After eighteen years of writing, having produced nearly a novel a year, author Marcus Sedgwick finally has his own slot at the Bath Children's Literature Festival.
Discussing his new book, Saint Death, and the research that went into it, we are transported to the city of Juarez on the Mexican border, supported by pictures from his trip there, first hand accounts of what he saw, and ultimately the trailer for his book, which sets up the dark premise to the plot.
Not one to shy away from difficult subjects, Sedgwick's new novel is rooted in the heart of the drug trade, with a young man literally gambling for his friend's life. The book represents life and culture in Juarez, as seen in the title, a very literal translation of Santa Muerte - a figure representing death who many Mexicans have come to worship. Sedgwick explains that he seeks to honestly represent life on the Mexican border. The idea of honesty in his work is particularly important to him after he was asked to change the ending of his first published novel at the beginning of his career, which he sees as being false. This honesty is clearly something that shows in his most recent novel as he admits it has a difficult ending, reflecting the reality of living in Juarez.
Sedgwick's career is incredibly interesting, with few writers having written not only so many, but such different novels. Sedgwick covers a wide range of different topics in different locations, something which he admits would be difficult to do now, as often authors are expected to produce work in a similar style and familiar subjects by their publishers.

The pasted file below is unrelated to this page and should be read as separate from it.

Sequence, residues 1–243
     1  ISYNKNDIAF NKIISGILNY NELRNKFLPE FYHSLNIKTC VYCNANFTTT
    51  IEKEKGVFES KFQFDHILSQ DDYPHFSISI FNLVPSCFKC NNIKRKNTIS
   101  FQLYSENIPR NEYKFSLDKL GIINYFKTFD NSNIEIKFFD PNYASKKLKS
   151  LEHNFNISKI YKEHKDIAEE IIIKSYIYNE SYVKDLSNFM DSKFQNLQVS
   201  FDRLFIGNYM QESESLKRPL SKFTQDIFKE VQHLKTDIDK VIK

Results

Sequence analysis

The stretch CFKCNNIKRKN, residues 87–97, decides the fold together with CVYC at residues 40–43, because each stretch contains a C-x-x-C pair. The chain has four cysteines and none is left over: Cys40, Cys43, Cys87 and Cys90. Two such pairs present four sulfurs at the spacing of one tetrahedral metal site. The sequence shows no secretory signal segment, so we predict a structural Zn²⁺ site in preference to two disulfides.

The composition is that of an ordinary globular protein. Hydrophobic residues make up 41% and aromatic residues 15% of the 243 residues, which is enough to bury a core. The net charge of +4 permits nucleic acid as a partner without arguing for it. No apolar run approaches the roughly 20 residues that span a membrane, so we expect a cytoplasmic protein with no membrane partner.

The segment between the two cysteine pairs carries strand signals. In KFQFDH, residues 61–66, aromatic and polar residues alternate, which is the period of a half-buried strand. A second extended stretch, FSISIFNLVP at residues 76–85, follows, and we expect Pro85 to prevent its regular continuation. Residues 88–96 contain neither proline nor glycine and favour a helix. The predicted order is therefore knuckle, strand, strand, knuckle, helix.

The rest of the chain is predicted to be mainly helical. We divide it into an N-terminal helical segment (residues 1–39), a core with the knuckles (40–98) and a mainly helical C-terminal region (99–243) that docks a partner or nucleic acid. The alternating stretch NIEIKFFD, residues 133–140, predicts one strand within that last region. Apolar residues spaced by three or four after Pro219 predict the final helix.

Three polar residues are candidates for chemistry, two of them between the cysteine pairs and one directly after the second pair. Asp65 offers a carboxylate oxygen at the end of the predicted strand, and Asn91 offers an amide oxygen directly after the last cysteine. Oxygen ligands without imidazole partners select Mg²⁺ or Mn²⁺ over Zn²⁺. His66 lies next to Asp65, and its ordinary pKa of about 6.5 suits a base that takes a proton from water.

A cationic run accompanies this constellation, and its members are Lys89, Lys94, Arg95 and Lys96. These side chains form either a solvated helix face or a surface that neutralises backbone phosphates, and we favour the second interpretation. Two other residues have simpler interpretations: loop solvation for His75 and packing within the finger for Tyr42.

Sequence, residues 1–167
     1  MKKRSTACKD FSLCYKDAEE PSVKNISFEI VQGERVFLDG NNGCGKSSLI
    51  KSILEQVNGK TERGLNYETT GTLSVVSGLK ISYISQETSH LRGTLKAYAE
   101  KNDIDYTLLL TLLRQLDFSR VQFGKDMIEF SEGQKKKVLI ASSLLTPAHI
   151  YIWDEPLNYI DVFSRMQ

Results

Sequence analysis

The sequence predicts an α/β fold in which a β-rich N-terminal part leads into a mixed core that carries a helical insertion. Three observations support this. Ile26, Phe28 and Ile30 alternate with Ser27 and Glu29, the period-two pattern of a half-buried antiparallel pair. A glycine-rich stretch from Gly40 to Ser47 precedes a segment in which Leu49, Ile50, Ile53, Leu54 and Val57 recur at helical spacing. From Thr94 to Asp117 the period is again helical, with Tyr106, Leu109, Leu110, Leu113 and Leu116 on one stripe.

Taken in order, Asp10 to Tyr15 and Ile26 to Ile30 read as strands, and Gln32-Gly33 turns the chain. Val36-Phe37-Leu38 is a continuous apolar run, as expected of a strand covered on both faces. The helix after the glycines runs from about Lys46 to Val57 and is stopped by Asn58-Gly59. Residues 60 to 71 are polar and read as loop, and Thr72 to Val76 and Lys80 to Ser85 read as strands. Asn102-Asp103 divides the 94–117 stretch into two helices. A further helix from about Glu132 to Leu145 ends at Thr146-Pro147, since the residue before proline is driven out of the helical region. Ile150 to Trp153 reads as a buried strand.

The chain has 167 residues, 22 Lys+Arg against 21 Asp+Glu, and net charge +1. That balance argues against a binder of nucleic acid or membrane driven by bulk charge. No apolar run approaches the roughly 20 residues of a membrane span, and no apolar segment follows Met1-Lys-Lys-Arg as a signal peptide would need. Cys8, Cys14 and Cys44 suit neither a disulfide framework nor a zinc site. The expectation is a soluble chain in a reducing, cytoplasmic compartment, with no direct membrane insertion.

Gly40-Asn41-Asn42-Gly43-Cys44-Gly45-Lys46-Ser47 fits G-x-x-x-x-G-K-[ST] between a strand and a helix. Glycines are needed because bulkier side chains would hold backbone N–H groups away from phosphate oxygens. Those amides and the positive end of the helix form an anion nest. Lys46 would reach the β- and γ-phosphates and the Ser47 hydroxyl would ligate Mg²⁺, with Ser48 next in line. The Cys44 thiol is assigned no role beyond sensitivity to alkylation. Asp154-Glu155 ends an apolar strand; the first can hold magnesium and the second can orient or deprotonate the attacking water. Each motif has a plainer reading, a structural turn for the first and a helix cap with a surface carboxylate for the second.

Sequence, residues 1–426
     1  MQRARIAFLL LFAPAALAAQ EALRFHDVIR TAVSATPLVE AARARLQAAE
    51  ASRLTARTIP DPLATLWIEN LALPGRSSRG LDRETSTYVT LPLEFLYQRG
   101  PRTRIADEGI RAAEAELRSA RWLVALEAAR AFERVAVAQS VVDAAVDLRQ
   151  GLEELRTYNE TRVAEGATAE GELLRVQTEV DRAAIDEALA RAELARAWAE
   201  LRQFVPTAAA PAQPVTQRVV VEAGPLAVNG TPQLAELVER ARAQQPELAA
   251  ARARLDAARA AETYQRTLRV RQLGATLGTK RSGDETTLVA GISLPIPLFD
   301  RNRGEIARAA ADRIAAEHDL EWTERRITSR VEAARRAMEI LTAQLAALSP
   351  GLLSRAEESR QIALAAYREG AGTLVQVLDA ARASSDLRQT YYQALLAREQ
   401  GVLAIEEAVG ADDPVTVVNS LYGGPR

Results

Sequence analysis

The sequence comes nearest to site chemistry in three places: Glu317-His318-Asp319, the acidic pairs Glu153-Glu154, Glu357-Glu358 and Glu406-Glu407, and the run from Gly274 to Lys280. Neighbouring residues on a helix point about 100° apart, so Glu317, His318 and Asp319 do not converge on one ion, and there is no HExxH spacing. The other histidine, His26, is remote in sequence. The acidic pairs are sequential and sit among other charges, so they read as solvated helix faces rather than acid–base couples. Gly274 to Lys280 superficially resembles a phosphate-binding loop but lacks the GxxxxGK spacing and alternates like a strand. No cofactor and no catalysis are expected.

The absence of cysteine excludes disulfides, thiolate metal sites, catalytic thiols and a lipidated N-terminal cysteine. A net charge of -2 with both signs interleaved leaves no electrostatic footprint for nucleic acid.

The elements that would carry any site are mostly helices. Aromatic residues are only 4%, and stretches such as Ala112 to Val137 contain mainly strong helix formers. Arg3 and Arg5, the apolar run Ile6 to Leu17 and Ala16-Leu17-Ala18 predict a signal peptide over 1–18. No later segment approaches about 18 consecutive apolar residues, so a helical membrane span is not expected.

'Are you deliberately writing for young people as opposed to adults, does that censor your content?' asks an audience member. Sedgwick's response is interesting - it depends on the story, and it isn't about the complexity or content, but rather the tone and intention. He finds that older children and teenagers often want more honesty, as they are too frequently faced with happy endings. Sedgwick won't tone down the content for YA fiction deliberately, and it is clear that there are some serious topics covered in a number of his books, however he also acknowledges that they don't need to be graphic. As such a successful author, broaching these more serious issues is clearly key to his success and, as his most political novel yet, Saint Death promises to be another thrilling read.